I remember the movie so well. I guess I saw it sometime in the early 80’s. And now the renewed interest in Euthanasia triggered by the Court ruling on a petition to assist mercy killing, begs that I get the movie DVD and see it all over again.
That was a memorable movie “Whose Life Is It Anyway”, with Richard Dreufus in the main role of a sculptor who is consigned to the hospital bed as a quadriplegic, paralyzed down below the neck, after a car crash. He eventually wins the case for his right to extinguish his life.
The life of Aruna Shanbaug is no life for the past 37 years. One has to look at assisted dying without the prejudice and emotions attached, and necessarily sans the antiquated philosophy camouflaged as ethics, incited by religious conditioning. The court made an admirably enlightened observation in the ruling on the mercy killing petition that a carte blanche acceptance of Euthanasia on the statute would be dangerous in the society we now live. It said that the ethical values are abysmal that the law will be misused by the unscrupulous society. I liked that comment. When someone introspects and tells that indeed we are mean. It is refreshingly in contrast to the hyped moral and ethical values of the society that many often trumpet.
Disconcerting and ridiculous is the reaction of the medical staff of the KEM hospital where the unfortunate woman has been confined as a piece of vegetable. Though the medical staff have providentially taken care of the quadriplegic and orphaned woman, their sloganeering in praise of a long life for the crippled woman and death to the petitioner who sake the court ruling to accept euthanasia was conceited and bizarre. The very same folk who braved and demand their right to take care of Aruna Shanbaug until her natural demise was crying for the blood of the petitioner. Is this hypocrisy, illogical passion?
Euthanasia must be legalized and with sufficient riders that will ensure the law is not and never misused and arrogated.. The anachronism in our criminal law is the section 309 which punishes attempted suicide. Perhaps the gentry who demand capital punishment as retributive justice may even think of sending to the gallows a person who killed himself. The British did that on the corpses of the Diwan of Travancore, Velu Thampi and Kunjali Maraikar, the Admiral of the Zamorin of Kozhikode. They killed themselves before they could be captured and in fury the British hung their dead body on lamp posts. Can we term those suicides as cowardly acts and indulgence of sick minds? Apart from the psychological factors that may push a person into the extreme ground for suicide, I see it as violation of fundamental right if one is prosecuted for deciding enough is enough in this world. If one does not have the right over one’s life, is that not against the very foundation that ensures fundamental rights? Similarly if a person who is absolutely perfect in his bearings decides that he has had enough of agony and suffering from the terminal disease he is afflicted decides to seek assisted euthanasia, why not?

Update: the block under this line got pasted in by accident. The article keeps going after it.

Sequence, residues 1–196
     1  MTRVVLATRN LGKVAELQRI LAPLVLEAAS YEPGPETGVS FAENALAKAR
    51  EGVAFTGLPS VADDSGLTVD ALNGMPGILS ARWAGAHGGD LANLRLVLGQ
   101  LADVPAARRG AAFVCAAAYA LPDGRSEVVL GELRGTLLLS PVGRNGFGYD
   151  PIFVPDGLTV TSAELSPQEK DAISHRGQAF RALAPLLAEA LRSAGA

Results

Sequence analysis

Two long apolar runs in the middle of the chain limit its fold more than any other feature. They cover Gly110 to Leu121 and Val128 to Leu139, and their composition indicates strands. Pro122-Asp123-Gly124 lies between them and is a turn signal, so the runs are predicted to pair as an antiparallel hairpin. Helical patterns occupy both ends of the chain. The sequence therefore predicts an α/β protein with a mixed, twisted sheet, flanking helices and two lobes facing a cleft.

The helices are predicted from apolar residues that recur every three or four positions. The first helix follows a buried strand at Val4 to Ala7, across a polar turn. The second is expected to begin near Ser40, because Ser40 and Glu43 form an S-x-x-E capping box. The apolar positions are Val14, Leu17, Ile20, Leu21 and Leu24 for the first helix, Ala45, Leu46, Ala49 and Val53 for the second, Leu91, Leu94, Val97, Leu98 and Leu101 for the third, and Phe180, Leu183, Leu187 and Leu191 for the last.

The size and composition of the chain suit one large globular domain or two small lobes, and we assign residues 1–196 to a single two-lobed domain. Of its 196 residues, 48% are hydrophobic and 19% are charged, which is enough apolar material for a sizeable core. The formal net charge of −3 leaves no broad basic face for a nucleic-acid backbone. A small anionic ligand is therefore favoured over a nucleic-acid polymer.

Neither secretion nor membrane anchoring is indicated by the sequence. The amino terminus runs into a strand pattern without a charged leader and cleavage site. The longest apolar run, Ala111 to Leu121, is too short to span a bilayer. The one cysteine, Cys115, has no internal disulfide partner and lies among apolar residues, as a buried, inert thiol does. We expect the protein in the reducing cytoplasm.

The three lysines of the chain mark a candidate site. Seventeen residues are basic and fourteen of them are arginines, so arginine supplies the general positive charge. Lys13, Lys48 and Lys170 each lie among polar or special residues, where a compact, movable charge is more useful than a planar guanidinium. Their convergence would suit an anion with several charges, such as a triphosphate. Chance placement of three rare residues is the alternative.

What right do we have to say that one has to suffer and wait till a natural factor consumes life? It is cruelty and unethical. As for Aruna Shanbaug who has spent the last 37 years as brain dead, it is travesty of justice for her. “We will not let go her until natural death intervenes”, says the staff of KEM hospital. A group of hospital staff who love life so much in the same breath shout death for the petitioner.
The bottom line is if we cannot play God and alleviate the hardship why secure that the sufferer suffers till the day natural cause intervenes? All the more in cases as special as this?
It is crocodile tears of a society, moral outrage of a society that is awash with false and archaic notions, that deny mercy killing. Euthanasia must be legal. It is for the courts and the legislature to think and devise riders that will ensure the act is out of ethical considerations only.
A society driven by edicts of faith, still consign the dead to the funeral pyre or dump in pits in back yards of churches and temples instead of donating the cadaver to medical dissection, and thereby enhance the value of learning and opening new realms in human physiology for posterity; a society that still desist from donating harvestable organs after death, should not cry against the idea of Euthanasia. Legalising Euthanasia will be a right step forward.Help people live with dignity if that is impossible let them die with dignity.